Here are current results of a Google search for "Facebook customer service 1-800 number":

I marked out the actual 1-800 numbers so that no one would accidentally use one of these numbers in attempt to contact Facebook Customer Support. It's also interesting that one of the results shown is for a customer called "CustomerSupportNumber" and I suspect that has nothing to do with actual Facebook Customer Service and all numbers listed there should be ignored (I'm surprised Facebook allows this account to exist and I intentionally do not link to it here). It is also worth noting that the first two results returned from the Google search appear to be fraudulent Facebook Customer Support pretenders because they do advertise a telephone number.

It seems easy to avoid problems like those discussed here, but in moments of panic and shock about a hacked account, it can also be easy to forget and fall into traps like those presented online by people alleging to be Facebook Customer Service and providing telephone numbers to contact them. In the case of Facebook, a telephone number advertised online should never be used. In more general cases, it's always best to find the contact number from the desired recipient's web site rather than from a Google search. In other words, the only telephone number for Faecbook Customer Service that could be trusted is one listed on the Facebook main page (look for https://www.facebook.com), but even that can lead to a mistake as the "CustomerSupportNumber" account on Facebook purports to provide Facebook telephone numbers, but I am guessing those are no better than the ones returned by the Google search.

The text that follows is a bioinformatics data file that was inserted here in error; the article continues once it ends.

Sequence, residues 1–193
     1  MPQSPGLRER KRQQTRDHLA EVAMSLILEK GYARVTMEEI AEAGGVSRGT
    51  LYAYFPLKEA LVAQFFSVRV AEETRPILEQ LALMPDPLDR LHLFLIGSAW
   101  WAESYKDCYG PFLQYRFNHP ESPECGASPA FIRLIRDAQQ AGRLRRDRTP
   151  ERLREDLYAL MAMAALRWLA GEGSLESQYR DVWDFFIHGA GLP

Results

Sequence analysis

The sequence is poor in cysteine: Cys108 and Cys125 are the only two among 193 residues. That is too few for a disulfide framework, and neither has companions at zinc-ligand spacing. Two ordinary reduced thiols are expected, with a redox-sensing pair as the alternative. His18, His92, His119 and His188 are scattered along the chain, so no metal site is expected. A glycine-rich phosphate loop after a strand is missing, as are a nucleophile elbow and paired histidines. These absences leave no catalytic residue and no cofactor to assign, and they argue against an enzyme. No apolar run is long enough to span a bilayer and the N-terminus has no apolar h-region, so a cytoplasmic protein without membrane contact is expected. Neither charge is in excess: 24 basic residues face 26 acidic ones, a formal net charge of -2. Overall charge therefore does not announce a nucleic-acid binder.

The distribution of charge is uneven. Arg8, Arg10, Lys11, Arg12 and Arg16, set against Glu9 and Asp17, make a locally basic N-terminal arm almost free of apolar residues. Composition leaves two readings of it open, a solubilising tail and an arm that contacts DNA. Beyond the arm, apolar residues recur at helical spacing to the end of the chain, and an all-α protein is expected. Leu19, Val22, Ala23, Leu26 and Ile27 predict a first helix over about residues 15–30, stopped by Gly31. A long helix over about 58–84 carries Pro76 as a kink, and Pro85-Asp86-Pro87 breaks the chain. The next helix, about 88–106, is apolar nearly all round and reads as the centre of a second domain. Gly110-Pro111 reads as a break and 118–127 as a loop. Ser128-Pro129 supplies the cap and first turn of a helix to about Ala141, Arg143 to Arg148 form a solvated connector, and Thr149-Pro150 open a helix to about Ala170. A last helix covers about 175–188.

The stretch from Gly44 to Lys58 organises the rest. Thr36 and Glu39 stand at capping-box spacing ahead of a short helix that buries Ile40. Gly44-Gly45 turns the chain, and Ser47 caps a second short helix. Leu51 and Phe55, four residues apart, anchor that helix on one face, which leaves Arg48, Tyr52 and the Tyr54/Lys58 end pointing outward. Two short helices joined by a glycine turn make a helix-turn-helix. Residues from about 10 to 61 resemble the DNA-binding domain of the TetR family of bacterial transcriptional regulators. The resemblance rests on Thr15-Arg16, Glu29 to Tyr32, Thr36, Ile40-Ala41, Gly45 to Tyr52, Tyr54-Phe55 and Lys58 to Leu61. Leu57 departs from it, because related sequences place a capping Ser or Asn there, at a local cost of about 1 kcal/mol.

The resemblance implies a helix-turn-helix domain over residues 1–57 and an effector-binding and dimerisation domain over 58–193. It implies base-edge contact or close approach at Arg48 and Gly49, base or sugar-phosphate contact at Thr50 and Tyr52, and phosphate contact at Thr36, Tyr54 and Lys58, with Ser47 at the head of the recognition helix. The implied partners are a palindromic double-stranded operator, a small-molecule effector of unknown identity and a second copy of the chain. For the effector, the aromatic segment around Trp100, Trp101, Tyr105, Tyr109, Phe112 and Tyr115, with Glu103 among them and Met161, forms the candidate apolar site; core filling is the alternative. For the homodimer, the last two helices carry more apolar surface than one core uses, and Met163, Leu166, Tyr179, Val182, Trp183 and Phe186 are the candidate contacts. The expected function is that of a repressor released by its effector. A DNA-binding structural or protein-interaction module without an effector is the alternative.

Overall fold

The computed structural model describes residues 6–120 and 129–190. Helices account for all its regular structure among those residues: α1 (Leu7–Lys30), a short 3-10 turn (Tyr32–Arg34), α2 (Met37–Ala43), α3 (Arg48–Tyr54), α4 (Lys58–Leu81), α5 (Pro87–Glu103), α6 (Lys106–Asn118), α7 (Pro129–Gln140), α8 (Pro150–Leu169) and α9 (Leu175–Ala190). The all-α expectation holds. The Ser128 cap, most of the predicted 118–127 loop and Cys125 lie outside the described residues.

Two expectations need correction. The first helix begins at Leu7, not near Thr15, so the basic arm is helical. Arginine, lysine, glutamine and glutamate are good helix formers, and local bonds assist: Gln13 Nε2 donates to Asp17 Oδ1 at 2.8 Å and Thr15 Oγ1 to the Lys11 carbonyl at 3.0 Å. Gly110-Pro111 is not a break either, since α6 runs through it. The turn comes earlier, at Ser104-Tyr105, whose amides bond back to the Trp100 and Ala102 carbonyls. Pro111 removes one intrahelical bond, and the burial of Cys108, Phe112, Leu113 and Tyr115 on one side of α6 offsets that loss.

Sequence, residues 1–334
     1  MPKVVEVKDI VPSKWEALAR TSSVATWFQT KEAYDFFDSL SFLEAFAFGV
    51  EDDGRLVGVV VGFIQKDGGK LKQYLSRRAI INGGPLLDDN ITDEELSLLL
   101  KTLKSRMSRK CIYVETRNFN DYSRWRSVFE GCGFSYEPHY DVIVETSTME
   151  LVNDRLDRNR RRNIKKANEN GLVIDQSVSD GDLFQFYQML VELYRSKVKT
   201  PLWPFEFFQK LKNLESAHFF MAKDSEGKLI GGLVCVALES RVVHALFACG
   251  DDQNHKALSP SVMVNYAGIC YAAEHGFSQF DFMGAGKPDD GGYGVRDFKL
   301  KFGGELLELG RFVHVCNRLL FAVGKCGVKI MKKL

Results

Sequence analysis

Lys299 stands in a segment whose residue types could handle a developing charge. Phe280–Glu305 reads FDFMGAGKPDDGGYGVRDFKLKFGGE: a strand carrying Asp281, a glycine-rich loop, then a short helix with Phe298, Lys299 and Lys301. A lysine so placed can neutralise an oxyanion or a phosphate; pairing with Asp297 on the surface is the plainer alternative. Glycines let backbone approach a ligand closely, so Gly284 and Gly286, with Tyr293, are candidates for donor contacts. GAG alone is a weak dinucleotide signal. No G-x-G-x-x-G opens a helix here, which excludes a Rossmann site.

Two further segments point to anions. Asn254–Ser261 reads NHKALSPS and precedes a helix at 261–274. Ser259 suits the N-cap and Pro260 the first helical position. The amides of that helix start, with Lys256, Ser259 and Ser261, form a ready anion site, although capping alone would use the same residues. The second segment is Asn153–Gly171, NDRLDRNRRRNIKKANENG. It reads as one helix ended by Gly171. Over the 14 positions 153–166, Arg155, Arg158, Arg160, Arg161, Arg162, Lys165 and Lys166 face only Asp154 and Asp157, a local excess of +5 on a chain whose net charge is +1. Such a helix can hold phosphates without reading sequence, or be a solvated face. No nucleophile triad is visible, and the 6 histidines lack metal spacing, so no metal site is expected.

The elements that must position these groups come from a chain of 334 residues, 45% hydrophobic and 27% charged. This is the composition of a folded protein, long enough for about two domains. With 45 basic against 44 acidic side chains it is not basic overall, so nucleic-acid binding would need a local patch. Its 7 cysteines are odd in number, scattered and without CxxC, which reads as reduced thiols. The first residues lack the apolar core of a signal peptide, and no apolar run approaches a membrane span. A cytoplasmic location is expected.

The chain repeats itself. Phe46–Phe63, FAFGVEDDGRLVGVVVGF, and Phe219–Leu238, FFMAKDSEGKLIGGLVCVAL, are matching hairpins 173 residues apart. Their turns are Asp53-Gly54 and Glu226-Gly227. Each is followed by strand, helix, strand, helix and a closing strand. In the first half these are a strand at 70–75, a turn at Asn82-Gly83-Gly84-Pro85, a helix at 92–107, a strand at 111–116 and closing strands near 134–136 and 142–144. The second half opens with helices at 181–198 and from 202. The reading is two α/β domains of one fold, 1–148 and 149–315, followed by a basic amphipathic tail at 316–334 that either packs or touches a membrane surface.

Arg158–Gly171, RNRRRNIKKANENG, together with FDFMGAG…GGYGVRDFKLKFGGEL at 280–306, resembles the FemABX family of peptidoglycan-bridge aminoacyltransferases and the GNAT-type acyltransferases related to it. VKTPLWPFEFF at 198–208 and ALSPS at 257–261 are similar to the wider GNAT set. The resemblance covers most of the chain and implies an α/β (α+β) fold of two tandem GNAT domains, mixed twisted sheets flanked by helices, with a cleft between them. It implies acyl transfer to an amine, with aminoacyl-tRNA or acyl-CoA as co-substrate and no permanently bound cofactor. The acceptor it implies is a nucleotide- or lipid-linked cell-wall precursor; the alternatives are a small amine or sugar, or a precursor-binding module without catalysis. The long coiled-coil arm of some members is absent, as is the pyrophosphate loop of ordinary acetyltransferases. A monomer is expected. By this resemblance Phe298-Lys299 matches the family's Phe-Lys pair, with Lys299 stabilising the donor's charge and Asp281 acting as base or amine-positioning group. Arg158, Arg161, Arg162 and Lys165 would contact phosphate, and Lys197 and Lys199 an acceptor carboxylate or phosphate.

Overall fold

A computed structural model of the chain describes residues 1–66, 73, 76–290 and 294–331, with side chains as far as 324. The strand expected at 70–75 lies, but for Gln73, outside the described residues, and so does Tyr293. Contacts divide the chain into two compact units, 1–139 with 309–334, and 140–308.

Thursday, March 30, 2017

VLC Player: Windows 10 Lacks a Native DVD Video Player

I don't watch videos on my Windows-based laptop very often, but recently wanted to be able to play DVD videos on a long road trip. Without realizing that Windows 10 had dropped support for playing back video on a DVD, I placed the DVD with a movie in the DVD player and was disappointed when Windows 10 did not know what action to perform on that DVD. When I next had a Wifi connection, I saw that Microsoft had a Windows DVD Player app offered for $15, but I decided to look for third-party alternatives first because the app's average rating is pretty low and I wasn't used to paying extra for an app to play DVD videos.

I found the useful articles How to play DVDs in Windows 10 for free and Windows 10 won't play DVDs unless you pay Microsoft $15. The first article succinctly states, "Windows 10 won't play DVDs natively, and Windows Media Center is gone." The second article reiterates this, "Microsoft chose to omit the Windows Media Center app from Windows 10, and it wants $15 for the new Windows DVD Player."